"As the sun rises and goeth down, we will remember them".

1931 - The National Soldiers' Memorial to South Australian sailors and soldiers who fell in the Great War 1914-1918, located on the corner of North Terrace and Kintore Avenue, Adelaide, was unveiled. 

1934 - The ANZAC Hill Memorial in Alice Springs was officially unveiled.The Reverend Harry Griffiths of the Australian Inland Mission suggested a memorial be erected on the crown of the hill and he was responsible for the design. The ashes of Reverend Griffiths and his wife are interred in the memorial.

1935 - While a recently caught shark was on show at the Coogee Aquarium it coughed up a man's arm, later identified as belonging to a former boxer, James Smith, who was, it turned out, missing.

1948 - British Commonwealth Pacific Airlines Ltd launches an air service between Australia and the US and Canada using Douglas DC-4 aircraft.

1975 – The Australian embassy in Saigon, South Vietnam, was closed and staff evacuated prior to the Fall of Saigon.

1986 - The 11th (and final) National Conference of Lesbians and Gay Men was held at the NSW University.

1990 - 75 years after the landing at Gallipoli Aussie WW1 veterans returned to pay their respects to those who didn't return.

1997 - The Gwabegar Railway Line (NSW) was opened from Kandos to Rylstone.

Monday, April 24, 2017

April 24



1802 - Nicholas Baudin's expedition's survey vessel, Le Naturaliste (Emmanuel Hamelin), rocked up to Port Jackson.

1804 - The first cemetery, St. David's, was established in Tassie...obviously they had a need for one, for some reason...


1815 - Michael Howe was a bit more than a naughty lad, as he and his gang of bushrangers raided the town of New Norfolk in Tassie, leaving 2 settlers past breathing.


1826 - Mr. Dawson states that he derived great assistance from Natives in the First Settlement (formation of) at Port Stephens.


1831 - Setting a tradition Aussies hold dear to their hearts, Rev. John McKaeg held the first Baptist church service in Sydney in..... a pub, The Rose and Crown Inn.
Gives new meaning to "wetting the baby's head" !


1840 - John Clark, Innkeeper at the Goulburn River, on the line of the Sydney Road; said his was the only inn for 70 miles in one direction and 90 in the other. This would make his inn the first out of Melbourne (70 miles).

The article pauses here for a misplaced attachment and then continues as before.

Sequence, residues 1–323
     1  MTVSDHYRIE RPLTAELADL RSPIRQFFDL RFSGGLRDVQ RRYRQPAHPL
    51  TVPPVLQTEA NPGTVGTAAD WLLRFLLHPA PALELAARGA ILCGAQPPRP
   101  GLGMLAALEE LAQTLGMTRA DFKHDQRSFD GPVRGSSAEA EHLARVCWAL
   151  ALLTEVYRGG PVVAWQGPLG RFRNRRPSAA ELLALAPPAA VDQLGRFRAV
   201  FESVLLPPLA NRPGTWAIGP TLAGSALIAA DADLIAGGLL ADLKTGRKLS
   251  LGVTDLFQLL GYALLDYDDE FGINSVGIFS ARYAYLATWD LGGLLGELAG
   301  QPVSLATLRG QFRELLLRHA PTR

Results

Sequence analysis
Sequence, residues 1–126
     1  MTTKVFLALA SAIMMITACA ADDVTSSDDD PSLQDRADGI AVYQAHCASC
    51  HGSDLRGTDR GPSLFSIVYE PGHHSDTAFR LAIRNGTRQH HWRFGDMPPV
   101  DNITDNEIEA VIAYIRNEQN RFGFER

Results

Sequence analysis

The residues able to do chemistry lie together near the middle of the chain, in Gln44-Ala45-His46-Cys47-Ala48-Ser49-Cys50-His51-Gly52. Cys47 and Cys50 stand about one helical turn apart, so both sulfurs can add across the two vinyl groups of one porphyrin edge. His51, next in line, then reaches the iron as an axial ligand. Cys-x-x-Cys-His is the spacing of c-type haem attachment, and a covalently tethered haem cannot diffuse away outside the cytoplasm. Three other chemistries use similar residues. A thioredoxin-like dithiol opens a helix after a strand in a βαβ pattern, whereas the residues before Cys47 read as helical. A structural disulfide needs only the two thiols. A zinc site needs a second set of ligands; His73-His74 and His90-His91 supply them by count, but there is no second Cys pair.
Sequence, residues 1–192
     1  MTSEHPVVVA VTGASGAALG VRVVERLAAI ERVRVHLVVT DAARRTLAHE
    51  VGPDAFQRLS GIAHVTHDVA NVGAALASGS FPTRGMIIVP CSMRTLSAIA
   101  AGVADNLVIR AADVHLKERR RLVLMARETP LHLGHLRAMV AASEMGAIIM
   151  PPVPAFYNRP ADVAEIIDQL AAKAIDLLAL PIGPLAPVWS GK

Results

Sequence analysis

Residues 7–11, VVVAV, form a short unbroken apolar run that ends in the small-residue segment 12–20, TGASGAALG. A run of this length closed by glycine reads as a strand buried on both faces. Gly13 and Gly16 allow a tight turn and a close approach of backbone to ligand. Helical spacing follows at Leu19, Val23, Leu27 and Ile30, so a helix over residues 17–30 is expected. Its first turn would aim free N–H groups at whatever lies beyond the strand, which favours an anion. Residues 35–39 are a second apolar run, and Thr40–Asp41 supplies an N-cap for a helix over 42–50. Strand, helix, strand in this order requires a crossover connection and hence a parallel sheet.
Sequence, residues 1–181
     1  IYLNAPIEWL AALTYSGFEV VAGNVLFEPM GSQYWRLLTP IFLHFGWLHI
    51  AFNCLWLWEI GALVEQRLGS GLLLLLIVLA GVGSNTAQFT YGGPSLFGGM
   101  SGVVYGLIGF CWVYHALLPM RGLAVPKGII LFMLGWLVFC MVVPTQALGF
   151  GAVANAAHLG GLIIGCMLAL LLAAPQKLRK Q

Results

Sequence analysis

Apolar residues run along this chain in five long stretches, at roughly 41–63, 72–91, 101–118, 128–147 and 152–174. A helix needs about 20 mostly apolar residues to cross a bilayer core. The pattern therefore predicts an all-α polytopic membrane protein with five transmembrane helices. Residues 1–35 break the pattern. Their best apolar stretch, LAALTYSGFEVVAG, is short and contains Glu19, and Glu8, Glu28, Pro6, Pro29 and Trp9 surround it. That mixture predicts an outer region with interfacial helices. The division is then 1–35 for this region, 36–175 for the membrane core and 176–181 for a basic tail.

1843 - George Wilson was hanged at Newcastle for the malicious wounding of Francis Bigge at the Peel River.

1843 - Thomas Forrester ("Long Tom") was hanged at Newcastle for aiding and abetting the malicious wounding of Francis Bigge at the Peel River.

1844 - Alexander Reid was hanged at Oatlands for shooting and wounding Constable Murray.


1844 - Thomas Marshall was hanged At Oatlands for the murder of Ben Smith.


1846 - The Maranoa River in QLD discovered explorer Major Mitchell.
Maranoa River is named after an Aboriginal word meaning "human hand".

1851 - Rev. John Dunmore Lang was sent to The Big House (gaol) and fined £100 for the libel of Thomas Icely in Lang's Press in February.


1855 - Bendigo ,then known as the Sandhurst Municipality, was incorporated.


1858 - The first newspaper in Kiama (NSW) district, the Kiama Examiner was published.


1860 - HMCS Victoria (the ship not the state) sailed from Hobart (that's in Tassie) to NZ (that's over the ditch) with Brit troops (from overseas or some say outer space) to fight in the war at Taranaki (that's on the North Island) between the Maoris and the colonists.


1869 - Northern Territory expedition ship Moonia, with SA Surveyor-General George Woodroffe Goyder on board, landed in Port Darwin, ready to commence surveying the town site...maybe or maybe not for the Olympic Trampoline Centre and Barista College.